Around 5pm I spied a long and desolate beach area. I landed the kayak near a growth of tall rich pine trees and investigated. I walked to the north area and found a new road with large luxurious houses and private community trappings. To the south the beach ended in some large commercial properties. A sand road led to the beach area near the center of the pine trees, but no buildings were evident in this specific area. However, the area was clearly framed by large condos to the north, west and east. Only this small area remained isolated. I began unloading my kayak and quickly carried it and my belongings deep into the shelter of the pine trees. While busy with this task I noticed a stranger wander down the beach towards me. He sat and watched me hall my gear into the trees and then approached me to start a conversation. I asked him if he thought camp in the trees would be a problem. He didn’t look affluent enough to be a resident of the local properties so I guessed he was a local fisherman or transient.
He told me that a guy on a bicycle had once camped in this very spot for about six months without a problem. Each day the fellow would ride up the sand road for supplies and water until the locals began to notice his regular presence. One day a police cruiser pulled over and asked him a few questions. It turned out he had an outstanding warrant and he was carted away never to be seen again. So I guessed the answer to my question was, “yes” if I didn’t make myself know to the locals. He also warned me that occasionally a police car would drive down the sand road to the beach. The officers would do a cursory walk of the beach and then leave. Again I took this to be a warning about keeping a low profile. I thanked him for the insight and he left.
I ate a can of cold baked beans and then turned in for the night. I had covered 18.8 miles and I was exhausted. Later in the evening I awoke to voices and the clear outline of a vehicle on the beach. I quietly observed as two police officers sat in their cruiser smoking with the headlights on. After a while they restarted the car and left the area by the same sand track they had arrived by.
I awoke at dawn chilled and apprehensive. I had awoken a few more times in the night to the sounds of animal noises and burrowing under my tent. It is natural to hear animal noises in the night when camping in one of the few remaining natural bush areas amid suburban sprawl, but it was even more frenetic than usual. Also some night rodent was making busy work under my head, in amongst the layers of pine needles. I wondered if I was disturbing him as much as he was disturbing me this evening. I suffered a rash of strange surreal dreams that included scenes from the Starship Troopers movie for no apparent reason. So upon waking I didn’t feel very refreshed or positive about the day’s adventures.
I was destined to cross the Seven Mile Bridge channel that day and my gut was telling me to be afraid. I was seriously wondering if it was even possible in a kayak across a seven mile stretch in which the entire contents of the Gulf of Mexico regularly ebbed and flowed. I knew that I could paddle about an hour before my butt became unbearably sore and in need of some relief. Being tired from paddling was simple to address; I simply stop paddling and rest. But a sore butt is a different matter. I couldn’t simply stand up, stretch, walk around a bit, and then continue on your way if I was in the middle of a seven mile expanse. Even when close to shore it was sometimes hazardous to find a safe location to beach the kayak. So the prospect of Seven Mile Bridge loomed large that morning.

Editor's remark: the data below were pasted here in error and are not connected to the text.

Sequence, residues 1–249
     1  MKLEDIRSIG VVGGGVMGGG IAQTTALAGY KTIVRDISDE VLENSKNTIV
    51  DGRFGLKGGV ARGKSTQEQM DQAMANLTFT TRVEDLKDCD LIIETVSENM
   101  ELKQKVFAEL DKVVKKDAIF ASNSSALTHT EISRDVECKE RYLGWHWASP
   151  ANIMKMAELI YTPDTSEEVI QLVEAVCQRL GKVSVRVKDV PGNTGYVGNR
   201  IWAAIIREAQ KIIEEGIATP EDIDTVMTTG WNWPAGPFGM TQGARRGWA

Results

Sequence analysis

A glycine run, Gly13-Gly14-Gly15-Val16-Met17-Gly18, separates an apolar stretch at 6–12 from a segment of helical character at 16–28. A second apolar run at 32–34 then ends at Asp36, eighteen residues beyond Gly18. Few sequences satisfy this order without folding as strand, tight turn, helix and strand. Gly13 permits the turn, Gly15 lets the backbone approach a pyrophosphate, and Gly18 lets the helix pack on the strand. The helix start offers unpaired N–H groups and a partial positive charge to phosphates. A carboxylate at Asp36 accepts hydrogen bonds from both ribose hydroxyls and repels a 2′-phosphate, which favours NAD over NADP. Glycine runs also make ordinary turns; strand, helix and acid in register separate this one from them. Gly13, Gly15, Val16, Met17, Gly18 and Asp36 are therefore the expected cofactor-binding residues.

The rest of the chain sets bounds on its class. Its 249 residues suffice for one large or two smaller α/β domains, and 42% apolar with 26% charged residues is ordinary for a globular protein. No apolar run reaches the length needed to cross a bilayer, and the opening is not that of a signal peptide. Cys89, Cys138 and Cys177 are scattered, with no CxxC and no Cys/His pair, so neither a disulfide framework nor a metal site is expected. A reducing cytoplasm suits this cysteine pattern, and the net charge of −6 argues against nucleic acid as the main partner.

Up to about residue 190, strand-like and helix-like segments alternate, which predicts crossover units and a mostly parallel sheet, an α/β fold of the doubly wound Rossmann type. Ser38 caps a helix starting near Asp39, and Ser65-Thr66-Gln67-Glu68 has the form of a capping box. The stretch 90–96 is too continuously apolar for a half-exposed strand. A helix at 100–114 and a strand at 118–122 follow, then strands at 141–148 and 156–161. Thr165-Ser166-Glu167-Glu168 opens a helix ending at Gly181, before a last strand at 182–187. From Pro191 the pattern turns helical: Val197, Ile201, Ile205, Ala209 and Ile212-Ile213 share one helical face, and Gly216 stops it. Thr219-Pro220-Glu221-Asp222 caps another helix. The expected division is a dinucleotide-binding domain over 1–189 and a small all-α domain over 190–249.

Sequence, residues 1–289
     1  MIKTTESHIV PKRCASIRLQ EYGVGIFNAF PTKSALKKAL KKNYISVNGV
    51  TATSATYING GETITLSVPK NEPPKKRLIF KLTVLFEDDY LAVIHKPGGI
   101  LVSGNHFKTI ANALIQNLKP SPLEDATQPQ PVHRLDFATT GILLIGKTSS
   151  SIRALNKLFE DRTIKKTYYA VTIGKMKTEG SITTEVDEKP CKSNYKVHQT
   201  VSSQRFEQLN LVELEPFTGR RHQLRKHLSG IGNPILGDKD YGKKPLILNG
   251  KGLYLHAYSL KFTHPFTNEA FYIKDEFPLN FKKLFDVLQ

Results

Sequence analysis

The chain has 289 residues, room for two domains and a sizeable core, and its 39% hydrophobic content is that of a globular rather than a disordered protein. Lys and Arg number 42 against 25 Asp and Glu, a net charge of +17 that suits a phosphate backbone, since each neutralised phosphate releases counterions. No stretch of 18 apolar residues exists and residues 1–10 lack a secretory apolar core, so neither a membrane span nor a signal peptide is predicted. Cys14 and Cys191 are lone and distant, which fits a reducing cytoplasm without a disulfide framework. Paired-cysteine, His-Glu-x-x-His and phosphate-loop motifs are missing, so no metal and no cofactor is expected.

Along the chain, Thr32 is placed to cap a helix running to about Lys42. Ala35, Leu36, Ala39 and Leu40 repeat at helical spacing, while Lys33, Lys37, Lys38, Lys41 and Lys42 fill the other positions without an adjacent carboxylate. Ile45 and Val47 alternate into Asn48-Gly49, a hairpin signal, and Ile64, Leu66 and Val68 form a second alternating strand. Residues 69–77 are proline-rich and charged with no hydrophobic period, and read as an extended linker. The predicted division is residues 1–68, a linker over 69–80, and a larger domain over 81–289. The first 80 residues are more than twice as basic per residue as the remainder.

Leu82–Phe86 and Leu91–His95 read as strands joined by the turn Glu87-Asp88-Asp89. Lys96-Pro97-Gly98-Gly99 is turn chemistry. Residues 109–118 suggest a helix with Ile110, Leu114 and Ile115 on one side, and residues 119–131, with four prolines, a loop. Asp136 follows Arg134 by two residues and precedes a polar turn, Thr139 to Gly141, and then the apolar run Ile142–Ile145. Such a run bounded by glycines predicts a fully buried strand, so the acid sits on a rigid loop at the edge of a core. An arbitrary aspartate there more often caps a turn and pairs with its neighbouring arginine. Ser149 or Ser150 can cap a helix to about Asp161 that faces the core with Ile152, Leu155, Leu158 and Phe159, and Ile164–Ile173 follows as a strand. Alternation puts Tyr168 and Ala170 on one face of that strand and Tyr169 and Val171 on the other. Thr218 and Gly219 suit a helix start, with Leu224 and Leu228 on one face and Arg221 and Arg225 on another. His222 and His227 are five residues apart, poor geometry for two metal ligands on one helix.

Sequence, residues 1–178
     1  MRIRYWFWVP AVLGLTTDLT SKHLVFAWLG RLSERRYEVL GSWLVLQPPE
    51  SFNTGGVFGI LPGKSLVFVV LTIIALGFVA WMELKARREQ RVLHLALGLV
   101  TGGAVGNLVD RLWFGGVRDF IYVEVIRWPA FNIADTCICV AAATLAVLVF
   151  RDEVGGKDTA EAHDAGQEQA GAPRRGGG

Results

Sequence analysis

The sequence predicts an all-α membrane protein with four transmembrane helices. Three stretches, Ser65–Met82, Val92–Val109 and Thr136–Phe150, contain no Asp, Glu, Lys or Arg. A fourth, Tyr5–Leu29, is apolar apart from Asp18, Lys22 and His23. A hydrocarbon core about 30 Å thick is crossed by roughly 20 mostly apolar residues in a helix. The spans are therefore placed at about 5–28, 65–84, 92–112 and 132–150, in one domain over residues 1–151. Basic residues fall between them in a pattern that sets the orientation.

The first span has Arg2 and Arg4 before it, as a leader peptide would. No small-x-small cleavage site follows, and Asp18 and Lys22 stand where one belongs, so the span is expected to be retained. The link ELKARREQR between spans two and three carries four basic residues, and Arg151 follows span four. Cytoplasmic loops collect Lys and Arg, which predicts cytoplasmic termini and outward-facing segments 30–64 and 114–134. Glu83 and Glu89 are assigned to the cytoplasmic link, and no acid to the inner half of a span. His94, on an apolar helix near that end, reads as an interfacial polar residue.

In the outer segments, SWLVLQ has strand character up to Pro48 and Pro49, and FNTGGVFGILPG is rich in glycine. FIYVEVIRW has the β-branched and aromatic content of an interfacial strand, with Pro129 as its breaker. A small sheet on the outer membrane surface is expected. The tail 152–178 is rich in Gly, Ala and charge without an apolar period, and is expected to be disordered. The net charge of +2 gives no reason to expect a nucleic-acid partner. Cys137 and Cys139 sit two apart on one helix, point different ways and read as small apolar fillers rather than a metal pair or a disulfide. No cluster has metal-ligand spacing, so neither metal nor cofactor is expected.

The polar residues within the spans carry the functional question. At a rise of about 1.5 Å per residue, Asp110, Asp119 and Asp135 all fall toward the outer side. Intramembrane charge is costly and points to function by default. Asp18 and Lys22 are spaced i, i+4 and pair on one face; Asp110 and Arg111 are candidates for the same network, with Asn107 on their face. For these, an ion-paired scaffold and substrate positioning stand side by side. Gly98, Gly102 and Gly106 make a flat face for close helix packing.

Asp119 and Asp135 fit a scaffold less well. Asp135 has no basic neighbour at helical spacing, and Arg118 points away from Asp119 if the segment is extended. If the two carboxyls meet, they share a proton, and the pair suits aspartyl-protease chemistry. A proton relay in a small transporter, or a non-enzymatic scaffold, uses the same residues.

It was very cold that morning and the wind was whipping out of the north. I broke camp reluctantly and set off. Once a short distance from the lee of the shore, the wind applied an expensive toll. Clearly a cold front was clearly moving south into the Keys. In order to raise my spirits and fortify my resolve, I was determined to stop at the Marathon Denny’s restaurant located at the Holiday Inn and Marina. It took all my energy and even more resolve to keep from being blown out to sea that morning. I kept as close to the beach as possible to afford myself shelter from the wind, but the gusts continued to find their way to my small bobbing kayak.
At the first canal (Red-A2) I turned north and into the confines of developed shorelines. Every part of the shore was occupied by condos, large homes or commercial or government structures. With one small turn and a short paddle I had left nature and entered busy and opulent civilization. I continued due north for about a half mile and then swung north-west for a quarter of a mile. This area was also well developed and the channel ran deep and fast along the first leg and then much slower along the second. This area was wider and quite congested with moored sailboats. I’m not sure if this was due to the strong north winds (since the shore appeared to provide the best shelter in the area).
I then exited this wide cove and headed due north into the wind for three quarters of a mile. This was a large open body with enough depth and width to allow the wind to kick up two or three-foot waves with white caps. The push directly into the waves and wind reminded me of Barns sound, but at least I wasn’t tacking back and forth in this case. I gritted my teeth and sunk my paddle with determination. One of my few weaknesses is a Denny’s Chicken Frejeta Skillet breakfast and I had eaten beans for long enough to make that hot breakfast worth any amount of paddling. It became my objective, reward, and salvation. I had been stopping at the Holiday Inn Denny’s for many years and knew it would be busy, warm and leisurely. So this morning’s fight with the elements wasn’t as disheartening as it might have been. A hot breakfast was waiting.